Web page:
Have you ever stopped to think about trick-or-treating? Halloween is so much more than just a fun night of doorbell ringing, asking for candy, and moving on to the next place.  It's a night of strategy where the person who claims the most candy is seen as top dog by their friends.

Think about what's happening when our kids go out trick-or-treating. They're setting goals. They're making plans. They're figuring out how to execute their plans.  Before you send your kids out, there are some things you need to know to help make sure your kids are kept as safe as possible in their quest to claim candy domination. The CDC has an awesome way to remember everything and it spells out SAFE HALLOWEEN:

"S- swords, knives, and similar costume accessories should be short, soft, and flexible.
A- avoid trick-or-treating alone. Walk in groups or with a trusted adult.
F- fasten reflective tape to costumes and bags to help drivers see you.
E- examine all treats for choking hazards and tampering before eating them.

H- hold a flashlight while trick-or-treating to help you see and others see you.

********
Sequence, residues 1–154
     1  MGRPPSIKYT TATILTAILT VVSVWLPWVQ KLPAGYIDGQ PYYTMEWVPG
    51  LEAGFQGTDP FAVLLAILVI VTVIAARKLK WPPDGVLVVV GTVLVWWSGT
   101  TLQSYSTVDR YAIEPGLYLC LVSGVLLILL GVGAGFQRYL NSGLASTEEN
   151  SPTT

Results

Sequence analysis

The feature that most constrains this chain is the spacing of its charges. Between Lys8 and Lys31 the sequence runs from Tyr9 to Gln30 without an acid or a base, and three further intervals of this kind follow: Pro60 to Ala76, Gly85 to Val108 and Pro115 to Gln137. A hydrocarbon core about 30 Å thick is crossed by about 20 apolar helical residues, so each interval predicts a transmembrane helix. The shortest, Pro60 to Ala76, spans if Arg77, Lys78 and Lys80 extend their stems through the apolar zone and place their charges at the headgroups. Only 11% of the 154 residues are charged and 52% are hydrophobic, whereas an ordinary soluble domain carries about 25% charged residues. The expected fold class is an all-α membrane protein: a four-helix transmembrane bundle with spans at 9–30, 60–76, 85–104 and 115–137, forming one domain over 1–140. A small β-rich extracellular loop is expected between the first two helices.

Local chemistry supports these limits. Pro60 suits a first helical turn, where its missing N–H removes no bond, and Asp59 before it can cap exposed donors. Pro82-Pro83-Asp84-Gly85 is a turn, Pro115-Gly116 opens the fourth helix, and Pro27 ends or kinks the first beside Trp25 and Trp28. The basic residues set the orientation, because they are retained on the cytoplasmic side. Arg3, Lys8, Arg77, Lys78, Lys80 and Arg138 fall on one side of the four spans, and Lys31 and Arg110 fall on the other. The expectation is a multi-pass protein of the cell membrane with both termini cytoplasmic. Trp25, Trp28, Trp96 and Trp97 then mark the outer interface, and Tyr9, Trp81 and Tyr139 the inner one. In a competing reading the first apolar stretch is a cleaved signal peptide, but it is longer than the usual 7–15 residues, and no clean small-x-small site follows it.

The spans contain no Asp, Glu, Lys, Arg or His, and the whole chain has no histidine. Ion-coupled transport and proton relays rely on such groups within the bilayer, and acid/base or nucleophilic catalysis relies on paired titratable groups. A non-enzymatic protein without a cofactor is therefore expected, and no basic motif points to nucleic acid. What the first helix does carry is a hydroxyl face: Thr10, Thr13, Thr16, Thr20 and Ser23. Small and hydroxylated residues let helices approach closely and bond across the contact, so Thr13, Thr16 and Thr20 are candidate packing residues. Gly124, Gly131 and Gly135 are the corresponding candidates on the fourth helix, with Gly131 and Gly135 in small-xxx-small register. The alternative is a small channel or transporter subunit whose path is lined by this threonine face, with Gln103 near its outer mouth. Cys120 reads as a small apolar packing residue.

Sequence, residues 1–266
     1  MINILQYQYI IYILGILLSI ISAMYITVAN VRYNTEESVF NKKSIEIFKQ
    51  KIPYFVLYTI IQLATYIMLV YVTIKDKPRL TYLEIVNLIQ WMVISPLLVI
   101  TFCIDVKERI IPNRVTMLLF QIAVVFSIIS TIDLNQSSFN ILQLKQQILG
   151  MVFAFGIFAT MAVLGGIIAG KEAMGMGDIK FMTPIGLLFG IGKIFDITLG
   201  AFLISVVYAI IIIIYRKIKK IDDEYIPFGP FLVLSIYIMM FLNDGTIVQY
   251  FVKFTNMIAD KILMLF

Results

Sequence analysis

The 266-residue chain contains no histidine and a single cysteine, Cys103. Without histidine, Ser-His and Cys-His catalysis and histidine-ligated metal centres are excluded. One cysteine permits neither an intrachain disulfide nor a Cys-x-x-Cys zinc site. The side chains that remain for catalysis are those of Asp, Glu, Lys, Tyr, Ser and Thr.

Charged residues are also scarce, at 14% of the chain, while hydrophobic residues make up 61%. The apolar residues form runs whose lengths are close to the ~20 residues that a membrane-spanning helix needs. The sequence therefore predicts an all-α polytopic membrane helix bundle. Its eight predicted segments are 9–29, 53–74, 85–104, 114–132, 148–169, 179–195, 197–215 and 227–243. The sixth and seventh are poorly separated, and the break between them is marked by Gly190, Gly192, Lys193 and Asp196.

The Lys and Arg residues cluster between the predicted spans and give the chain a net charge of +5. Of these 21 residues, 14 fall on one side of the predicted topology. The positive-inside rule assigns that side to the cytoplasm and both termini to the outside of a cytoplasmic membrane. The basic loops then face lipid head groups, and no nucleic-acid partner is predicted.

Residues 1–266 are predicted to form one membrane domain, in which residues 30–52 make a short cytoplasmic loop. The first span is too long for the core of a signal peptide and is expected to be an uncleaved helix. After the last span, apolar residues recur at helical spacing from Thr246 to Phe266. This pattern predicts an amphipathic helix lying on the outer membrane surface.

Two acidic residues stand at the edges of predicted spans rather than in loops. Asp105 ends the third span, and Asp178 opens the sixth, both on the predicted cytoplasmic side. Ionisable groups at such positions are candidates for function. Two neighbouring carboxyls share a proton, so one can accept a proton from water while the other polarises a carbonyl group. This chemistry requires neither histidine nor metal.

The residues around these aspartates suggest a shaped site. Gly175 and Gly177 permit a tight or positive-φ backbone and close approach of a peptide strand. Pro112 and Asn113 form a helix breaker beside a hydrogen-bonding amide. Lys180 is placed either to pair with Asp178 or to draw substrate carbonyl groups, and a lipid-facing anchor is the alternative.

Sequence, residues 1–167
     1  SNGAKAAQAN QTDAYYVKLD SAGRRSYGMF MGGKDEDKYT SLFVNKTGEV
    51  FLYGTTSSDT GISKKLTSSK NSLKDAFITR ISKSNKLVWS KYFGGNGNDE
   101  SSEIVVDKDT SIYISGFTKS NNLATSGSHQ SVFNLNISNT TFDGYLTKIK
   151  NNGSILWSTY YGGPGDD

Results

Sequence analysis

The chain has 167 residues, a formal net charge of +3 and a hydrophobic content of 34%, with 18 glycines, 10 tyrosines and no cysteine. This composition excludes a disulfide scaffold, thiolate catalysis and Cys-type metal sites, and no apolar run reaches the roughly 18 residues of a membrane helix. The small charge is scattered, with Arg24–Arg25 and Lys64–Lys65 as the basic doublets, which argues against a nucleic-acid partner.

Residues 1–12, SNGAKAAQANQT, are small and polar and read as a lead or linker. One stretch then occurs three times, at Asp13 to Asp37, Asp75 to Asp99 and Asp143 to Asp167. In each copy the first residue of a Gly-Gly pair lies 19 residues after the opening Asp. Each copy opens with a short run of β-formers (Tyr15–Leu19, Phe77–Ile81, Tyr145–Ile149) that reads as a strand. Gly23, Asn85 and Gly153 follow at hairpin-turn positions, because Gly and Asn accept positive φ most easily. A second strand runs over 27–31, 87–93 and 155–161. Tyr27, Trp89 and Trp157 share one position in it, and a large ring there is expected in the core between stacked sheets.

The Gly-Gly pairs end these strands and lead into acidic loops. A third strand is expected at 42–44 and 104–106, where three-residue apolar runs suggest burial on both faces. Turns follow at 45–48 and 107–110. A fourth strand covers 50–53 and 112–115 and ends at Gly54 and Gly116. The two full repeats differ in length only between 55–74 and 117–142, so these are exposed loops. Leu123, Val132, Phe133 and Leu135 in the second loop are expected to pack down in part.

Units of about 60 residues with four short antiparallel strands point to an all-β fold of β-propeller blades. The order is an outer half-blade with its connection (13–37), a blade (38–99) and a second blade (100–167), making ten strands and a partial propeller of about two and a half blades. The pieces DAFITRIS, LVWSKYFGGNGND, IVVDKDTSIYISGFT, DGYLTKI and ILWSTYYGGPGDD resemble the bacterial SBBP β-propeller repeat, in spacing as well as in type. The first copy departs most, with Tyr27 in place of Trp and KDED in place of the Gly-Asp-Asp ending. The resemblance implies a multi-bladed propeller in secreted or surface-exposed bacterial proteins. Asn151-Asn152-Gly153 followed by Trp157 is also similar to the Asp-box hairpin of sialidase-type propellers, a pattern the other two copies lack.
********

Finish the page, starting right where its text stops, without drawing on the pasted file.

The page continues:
A- always test make-up in a small area first. Remove it before bedtime.
L- look both ways before crossing the street.
L- lower your risk for serious eye injury by not wearing decorative contact lenses.
O- only walk on sidewalks whenever possible, or on the far edge of the road facing traffic.
W- wear well-fitting masks, costumes, and shoes to avoid blocked vision, trips, and falls.
E- eat only factory-wrapped treats. Avoid eating homemade treats made by strangers.
E- enter homes only if you're with a trusted adult. Don't stop at dark houses.
N- never walk near lit candles or luminaries. Be sure to wear flame-resistant costumes.

[lvia CDC]

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